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Episodic story in six acts ("The Manly Art in Six Rounds") about young boxer Vic Bealer (played by Jon Voight) in search for some direction in his life. Written by
Cristian Redferne <Harlock@prodigy.com>
This flop was filmed a few years before it was released in 1973. It was made, but was never released until Jon Voight's popularity was soring with Mid-Night Cowboy.
The All-American Boy tries to pass itself off as a boxing film, but the sport is nothing but a backdrop for a symbolic ride of deep interpretations of the mis-use of "beauty" to get by in life.
Voight plays Vic "Bomber" Beasley, a strapping, undefeated amateur boxer, destined for Olympic Gold and a successful career in boxing. Tall, muscular, charming, and handsome, that's Vic, but that's only his physical appearance. Inside he is a heartless, lazy, self-centered user. The Bomber uses an array of women, among them Anne Archer(she looks about 16), E.J. Peaker, and Rosalind Cash. In a "weird" role is veteran character actor Gene Borkan as a gay boxing manager named Arty.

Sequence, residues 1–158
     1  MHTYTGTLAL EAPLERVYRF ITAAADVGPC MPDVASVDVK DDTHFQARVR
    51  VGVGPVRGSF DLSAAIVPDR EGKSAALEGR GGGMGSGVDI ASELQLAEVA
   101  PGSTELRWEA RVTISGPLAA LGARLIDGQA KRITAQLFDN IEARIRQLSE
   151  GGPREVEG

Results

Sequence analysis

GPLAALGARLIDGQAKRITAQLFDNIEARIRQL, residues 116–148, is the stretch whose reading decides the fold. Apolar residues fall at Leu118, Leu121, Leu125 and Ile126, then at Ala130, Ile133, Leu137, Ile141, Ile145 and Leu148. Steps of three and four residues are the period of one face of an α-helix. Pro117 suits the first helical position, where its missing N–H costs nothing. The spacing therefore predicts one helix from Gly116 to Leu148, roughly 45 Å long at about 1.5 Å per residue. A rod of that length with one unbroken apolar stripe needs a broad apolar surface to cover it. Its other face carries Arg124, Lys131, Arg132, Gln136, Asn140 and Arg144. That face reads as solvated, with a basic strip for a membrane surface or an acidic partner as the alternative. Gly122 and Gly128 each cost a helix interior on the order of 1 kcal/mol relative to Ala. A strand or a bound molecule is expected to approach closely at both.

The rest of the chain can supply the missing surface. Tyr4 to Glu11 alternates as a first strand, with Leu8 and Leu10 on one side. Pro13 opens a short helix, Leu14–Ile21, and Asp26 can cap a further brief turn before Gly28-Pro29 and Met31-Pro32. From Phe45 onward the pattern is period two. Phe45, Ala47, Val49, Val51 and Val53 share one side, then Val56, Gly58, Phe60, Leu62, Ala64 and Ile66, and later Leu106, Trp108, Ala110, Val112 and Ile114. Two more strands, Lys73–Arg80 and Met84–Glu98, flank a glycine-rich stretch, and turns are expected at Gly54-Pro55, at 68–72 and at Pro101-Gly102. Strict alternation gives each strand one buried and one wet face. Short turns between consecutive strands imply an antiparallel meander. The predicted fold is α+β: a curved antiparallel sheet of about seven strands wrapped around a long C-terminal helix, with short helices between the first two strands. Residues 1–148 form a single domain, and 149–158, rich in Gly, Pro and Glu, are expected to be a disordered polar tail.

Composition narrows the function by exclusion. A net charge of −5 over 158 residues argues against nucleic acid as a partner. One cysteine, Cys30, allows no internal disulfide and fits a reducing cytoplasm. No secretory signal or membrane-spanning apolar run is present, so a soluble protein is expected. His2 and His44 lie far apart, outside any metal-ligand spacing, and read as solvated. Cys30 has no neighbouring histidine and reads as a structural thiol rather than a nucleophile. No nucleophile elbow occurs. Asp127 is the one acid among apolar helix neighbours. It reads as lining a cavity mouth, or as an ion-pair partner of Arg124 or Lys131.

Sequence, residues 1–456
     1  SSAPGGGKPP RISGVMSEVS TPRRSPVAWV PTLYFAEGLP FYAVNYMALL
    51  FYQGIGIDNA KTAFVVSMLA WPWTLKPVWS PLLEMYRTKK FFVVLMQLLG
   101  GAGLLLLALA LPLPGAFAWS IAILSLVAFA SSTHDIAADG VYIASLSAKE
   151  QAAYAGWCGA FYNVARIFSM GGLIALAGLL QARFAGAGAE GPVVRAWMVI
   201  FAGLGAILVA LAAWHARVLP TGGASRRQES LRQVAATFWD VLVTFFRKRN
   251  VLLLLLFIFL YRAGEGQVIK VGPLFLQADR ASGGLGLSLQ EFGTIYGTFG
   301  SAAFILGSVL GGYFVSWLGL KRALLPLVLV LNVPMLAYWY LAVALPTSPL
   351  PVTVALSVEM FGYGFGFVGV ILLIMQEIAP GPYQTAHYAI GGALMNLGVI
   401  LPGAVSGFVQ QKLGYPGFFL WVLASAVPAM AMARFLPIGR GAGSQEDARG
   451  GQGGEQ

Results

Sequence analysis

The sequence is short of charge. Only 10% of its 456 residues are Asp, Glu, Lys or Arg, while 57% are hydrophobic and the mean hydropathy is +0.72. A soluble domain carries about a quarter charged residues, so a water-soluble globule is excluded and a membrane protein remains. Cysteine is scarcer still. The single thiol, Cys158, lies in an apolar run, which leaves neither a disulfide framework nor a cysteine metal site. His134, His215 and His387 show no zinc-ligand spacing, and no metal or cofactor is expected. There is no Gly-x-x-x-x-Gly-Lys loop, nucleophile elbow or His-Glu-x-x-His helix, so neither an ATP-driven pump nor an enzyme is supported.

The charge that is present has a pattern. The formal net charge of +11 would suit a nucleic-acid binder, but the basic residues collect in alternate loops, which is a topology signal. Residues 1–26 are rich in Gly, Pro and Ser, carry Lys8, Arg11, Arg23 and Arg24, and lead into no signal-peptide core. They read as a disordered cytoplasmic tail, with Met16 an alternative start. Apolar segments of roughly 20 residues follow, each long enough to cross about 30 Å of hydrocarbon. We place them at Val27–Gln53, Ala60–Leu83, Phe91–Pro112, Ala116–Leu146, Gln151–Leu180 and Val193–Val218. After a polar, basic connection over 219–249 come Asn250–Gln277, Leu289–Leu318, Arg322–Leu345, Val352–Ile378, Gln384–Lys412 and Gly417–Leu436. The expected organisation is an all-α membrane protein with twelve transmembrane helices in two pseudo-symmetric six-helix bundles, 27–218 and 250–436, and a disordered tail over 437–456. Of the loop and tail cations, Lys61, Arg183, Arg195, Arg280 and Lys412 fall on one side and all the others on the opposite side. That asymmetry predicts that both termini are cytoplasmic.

The film seems to want to depict how society falls all over itself to be around "beautiful" people and catering to their every whim, with little in return.
Voight is wooden and lacks any type of emotion, but that what makes him so great. He is void of feeling for anyone except himself. He uses his looks and charm to get what he wants from his family, friends, women, and even other men, gay or straight.
The All-America Boy was a box-office flop. It will be a flop for you unless you read between the lines. An out-standing piece of film-making.
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